MONDAY
January 31, 2000
volume 11, no. 21
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NEWS & VIEWS     Acknowledgments
Articles provided through Catholic World News and Church News at Noticias Eclesiales and International Dossiers, Daily Dispatches and Features at ZENIT International News Agency. CWN, NE and ZENIT are not affiliated with the Daily CATHOLIC but provide this service via e-mail to the Daily CATHOLIC Monday through Friday.

POPE, INDONESIAN LEADER TO DISCUSS VIOLENCE

    VATICAN (CWNews.com) -- Indonesian President Abdurrahman Wahid will meet with Pope John Paul II at the Vatican on February 5.

    The Indonesian leader will visit the Vatican during an official trip to Italy. His conversations with the Holy Father will certainly focus on the violence between Muslims and Christians (predominantly Catholic) on the Molluccan Islands.

    The conversation will probably also include some discussion of the peace process in East Timor, which has recently won its independence from Indonesian after years of repression and bloodshed.

    The episodes of violence in the Indonesian islands have continued for over a year, and cost well over 1000 lives. During an Angelus audience in March 1999, Pope John Paul called for an end to the fighting. More recently, in his annual January address to members of the diplomatic corps, the Pontiff mentioned the islands as one of the world's major trouble spots; he called for the Indonesian people to "break the chains of violence, and heal the wounds of hatred."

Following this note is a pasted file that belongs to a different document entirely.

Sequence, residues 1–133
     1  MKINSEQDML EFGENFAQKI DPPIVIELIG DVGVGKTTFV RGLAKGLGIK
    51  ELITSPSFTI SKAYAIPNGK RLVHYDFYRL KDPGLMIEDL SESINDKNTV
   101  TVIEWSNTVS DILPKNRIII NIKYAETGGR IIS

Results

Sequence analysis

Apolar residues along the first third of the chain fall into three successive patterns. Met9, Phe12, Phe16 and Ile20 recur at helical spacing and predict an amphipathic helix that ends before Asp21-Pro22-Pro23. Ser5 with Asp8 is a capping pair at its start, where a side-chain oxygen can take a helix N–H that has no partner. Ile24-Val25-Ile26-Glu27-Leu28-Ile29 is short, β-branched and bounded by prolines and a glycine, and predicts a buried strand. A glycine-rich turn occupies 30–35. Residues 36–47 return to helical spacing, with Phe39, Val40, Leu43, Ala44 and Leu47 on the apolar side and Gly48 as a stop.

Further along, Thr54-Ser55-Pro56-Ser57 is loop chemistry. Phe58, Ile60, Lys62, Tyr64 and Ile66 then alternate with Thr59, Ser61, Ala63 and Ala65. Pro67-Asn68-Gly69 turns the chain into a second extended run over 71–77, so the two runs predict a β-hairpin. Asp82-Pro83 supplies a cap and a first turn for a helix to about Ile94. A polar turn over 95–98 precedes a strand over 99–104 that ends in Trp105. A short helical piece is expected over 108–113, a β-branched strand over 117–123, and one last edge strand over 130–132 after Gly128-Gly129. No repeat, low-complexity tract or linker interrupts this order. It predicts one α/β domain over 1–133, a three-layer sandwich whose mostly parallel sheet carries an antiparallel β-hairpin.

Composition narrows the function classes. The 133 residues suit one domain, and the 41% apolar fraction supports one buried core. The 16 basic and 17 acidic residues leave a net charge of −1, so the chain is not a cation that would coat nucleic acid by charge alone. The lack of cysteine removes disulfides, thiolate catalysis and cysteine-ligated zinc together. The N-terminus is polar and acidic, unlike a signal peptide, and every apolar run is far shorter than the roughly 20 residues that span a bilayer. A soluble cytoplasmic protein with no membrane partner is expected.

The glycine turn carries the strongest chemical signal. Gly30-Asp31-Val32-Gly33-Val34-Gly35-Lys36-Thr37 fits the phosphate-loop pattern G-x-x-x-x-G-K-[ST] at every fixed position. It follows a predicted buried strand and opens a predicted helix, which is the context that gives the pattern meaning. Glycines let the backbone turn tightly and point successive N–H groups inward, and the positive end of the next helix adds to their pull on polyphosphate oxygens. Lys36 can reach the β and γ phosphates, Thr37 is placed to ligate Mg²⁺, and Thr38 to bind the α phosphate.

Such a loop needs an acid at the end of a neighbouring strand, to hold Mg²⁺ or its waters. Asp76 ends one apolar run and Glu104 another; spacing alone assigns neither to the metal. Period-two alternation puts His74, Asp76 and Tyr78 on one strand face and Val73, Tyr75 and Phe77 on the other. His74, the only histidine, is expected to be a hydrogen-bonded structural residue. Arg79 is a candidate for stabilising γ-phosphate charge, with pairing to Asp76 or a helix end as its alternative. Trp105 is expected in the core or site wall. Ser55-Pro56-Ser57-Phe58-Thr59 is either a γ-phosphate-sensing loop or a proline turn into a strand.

Although the violence in islands such as Ambon has pitted Muslims against Christians, most observers agree that the issues behind the fighting are not religious. The demographic make-up of the islands' population has changed significantly in recent months, as the collapse of the Indonesian economy in 1998 prodded many Muslim workers to relocate to the islands, where Christians had been a substantial minority. Indonesia's Ambassador to the Holy See, Irawan Abidin, has observed that the conflicts involve clashes between displaced workers (mostly Muslim) and established merchants (often Christian).

    Beyond the economic factors, however, some observers have charged that the rioting in Ambon has been deliberately provoked by Indonesian military officials, who are seeking an excuse to assert greater control. Ambassador Abidin has reported that the Indonesian government is investigating reports that the riots have been deliberately provoked and staged by outside agitators.

    Wahid came to power in 1999 as the first democratically elected president of Indonesia, which is the world's most populous Muslim country.

          

January 31, 2000
volume 11, no. 21
NEWS & VIEWS

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